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Enjoy historic St Petersburg - without the visa

Enjoy historic St Petersburg - without the visa

Published: 03 Oct 2011 09:49 GMT+02:00
Updated: 03 Oct 2011 09:49 GMT+02:00

St. Petersburg was founded by Tsar Peter the Great in 1703 as Russia’s “window to the west” and the city today still bears a distinctive ‘East meets West’ vibe. One of the world’s most intriguing cities and steeped in history, its stunning buildings and monuments bear witness to the bygone Tsarist and Stalin eras, earning its historic centre a place on the UNESCO World Heritage site list. It’s also home to the Hermitage - one of the largest art museums in the world.

A metropolis of around five million people, St. Petersburg is one of the largest cities in the Baltic Sea region and a mecca for culture, history, food and nightlife.

Yet, until recently, the sheer hassle of trying to arrange a visa to Russia put many visitors off. But there is a loophole: Under Russian law, foreigners are allowed to arrive in the country by ferries and stay for up to 72 hours without a visa as long as they have booked the trip with a tour operator, have a pre-arranged program, a valid return ticket and prepaid hotel voucher.

That’s why St. Peter Line started a direct cruise between Stockholm and St. Petersburg. “We wanted to give Swedes the chance to take a short hassle-free trip to St. Petersburg and also to bring wealthy Russians to Stockholm for shopping and so on. We can arrange the entire program for our passengers,” says Tapani Kauhanen, St. Peter Line’s Marketing Director for Scandinavia.

It takes just 24 hours from Stockholm to St. Petersburg on board the comfortable Princess Anastasia which can carry 2,500 passengers and 580 cars.

If, like American Susan Volsky who recently made the trip, your heart is set on the Hermitage and you’re stuck for time, opt for the three-day cruise which includes a full day in St. Petersburg and a few hours in Helsinki. Others combine the cruise and three nights at a hotel in St. Petersburg.

“Americans expect certain things from cruises but we had no expectations. Once we realised what it was all about, we absolutely loved it,” she enthuses, quick to lavish praise on the super-helpful, multi-lingual staff.

“As we arrived in St. Petersburg, I thought ‘wow, I can’t believe I am finally here’ as I’ve always wanted to go to the Hermitage,” she says. “We were just sorry that we didn’t stay overnight. There’s so much to see and do in St.Petersburg, even if the weather is not perfect.”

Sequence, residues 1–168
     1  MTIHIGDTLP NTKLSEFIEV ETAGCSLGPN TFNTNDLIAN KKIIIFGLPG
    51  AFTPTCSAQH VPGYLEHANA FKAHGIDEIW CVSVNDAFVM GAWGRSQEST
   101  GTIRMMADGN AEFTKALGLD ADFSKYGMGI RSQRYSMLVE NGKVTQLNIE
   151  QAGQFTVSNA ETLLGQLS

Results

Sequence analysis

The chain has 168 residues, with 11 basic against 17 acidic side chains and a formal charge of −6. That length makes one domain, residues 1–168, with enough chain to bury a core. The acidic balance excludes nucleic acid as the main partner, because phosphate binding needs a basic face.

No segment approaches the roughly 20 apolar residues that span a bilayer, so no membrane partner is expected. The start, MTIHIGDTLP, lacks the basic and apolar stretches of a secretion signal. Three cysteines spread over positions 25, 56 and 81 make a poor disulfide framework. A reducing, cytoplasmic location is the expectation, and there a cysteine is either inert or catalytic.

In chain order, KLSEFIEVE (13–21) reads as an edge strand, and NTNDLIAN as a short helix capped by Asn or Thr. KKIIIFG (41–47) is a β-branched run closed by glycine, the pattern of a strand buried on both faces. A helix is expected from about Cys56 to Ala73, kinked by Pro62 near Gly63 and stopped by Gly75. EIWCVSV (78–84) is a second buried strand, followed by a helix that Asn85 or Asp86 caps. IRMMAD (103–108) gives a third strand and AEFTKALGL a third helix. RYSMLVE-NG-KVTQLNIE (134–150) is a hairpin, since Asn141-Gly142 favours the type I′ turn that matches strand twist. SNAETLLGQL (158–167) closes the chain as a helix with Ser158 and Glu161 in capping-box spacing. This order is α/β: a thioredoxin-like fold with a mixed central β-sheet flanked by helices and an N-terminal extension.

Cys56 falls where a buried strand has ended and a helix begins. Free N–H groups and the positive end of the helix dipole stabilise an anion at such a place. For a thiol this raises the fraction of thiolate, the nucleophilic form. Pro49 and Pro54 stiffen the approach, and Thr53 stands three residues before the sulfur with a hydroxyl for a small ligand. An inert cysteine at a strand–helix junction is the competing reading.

The cruise is proving a hit with Swedes, tourists and Russians alike. “Up to St. Petersburg we were around 300 passengers but in St. Petersburg we picked up another 800 or 900,” Volsky noticed.

With such a mix of people on board, is it tough to keep them entertained?

“We cover everything from the upper to the lower budgets so it’s up to you if you want to hang out in the Champagne Bar in the evenings for €350 a pop, lounge by the pool with your kids, have sushi with friends or enjoy the nightclub,” replies Kauhanen.

The cruise effortlessly mixes what you’d expect from a Scandinavian Baltic Sea cruise with a touch of Russian charm thrown in. For example, there’s an XXXX Club, a popular Russian nightclub chain, which has some modest topless dancing after the vodka starts flowing. Passengers are also treated to live theatre and ballet performances by a St.Petersburg-based fine arts academy. “The show was a highlight,” says Volsky. “I loved the Russian dancers.”

If you want to relax and unwind, there’s a generous sized swimming pool, jacuzzi and sauna.

All in all, the cruise is good value for money. “For around SEK 2,000 per person you can have a B-class cabin and three nights in the Sokos Olympic Garden Hotel in St. Petersburg,” says Kauhanen. St. Peter Line has a special agreement with Finland’s Sokos Hotel chain which owns three central hotels in St. Petersburg.

City tours, hotel packages and meal packages during the voyage should be booked online when you book your cruise to get the best deals.

“St. Petersburg is a beautiful city and this cruise was the perfect way to see the Hermitage in a short space of time,” concludes Volsky. “We visit our children in Sweden every year and always try to fit in a side-trip. Last year it was Copenhagen, this year St. Petersburg and who knows - we might be back again next year.”

St. Peter Line cruises can also be used by companies for onboard conferences or, if you want to combine business and pleasure in St.Petersburg.

Must-sees in St. Petersburg

You’ll never run out of things to see or do in St. Petersburg but here are a few of the highlights that shouldn’t be missed!

The Hermitage Museum: one of the world’s largest and most spectacular art museums.

Peter and Paul Fortress: one of Russia’s most historical prisons.

Catherine Palace (also known as the Summer Palace): A glimpse into how Russia’s royalty once lived.

Peterhof: the playground of the tsars with ornate fountains.

Kizhi Island: an open-air museum of wooden architecture – made without nails - from the Karelia region of Russia.

The Russian Museum: home to one of the largest collections of Russian art in the world.

The Bronze Horseman statue: a symbol of St. Petersburg showing Peter the Great on his horse.

Lazarus and Tikhvin Cemeteries: the burial site of some of Russia’s most famous artists, composers and writers.

Boat tour: by day or night, a picturesque tour on the Neva river and through smaller canals. Best done in summer!

Hop on the metro to see the Soviet-style suburbs: to see how “normal” residents of St. Petersburg live.

About the St. Peter Line cruise

Departs Stockholm Wednesday mornings and Saturday evenings.

Prices range from SEK 2,000 per person.

Related links:

Paul Rapacioli (paul.rapacioli@thelocal.com)

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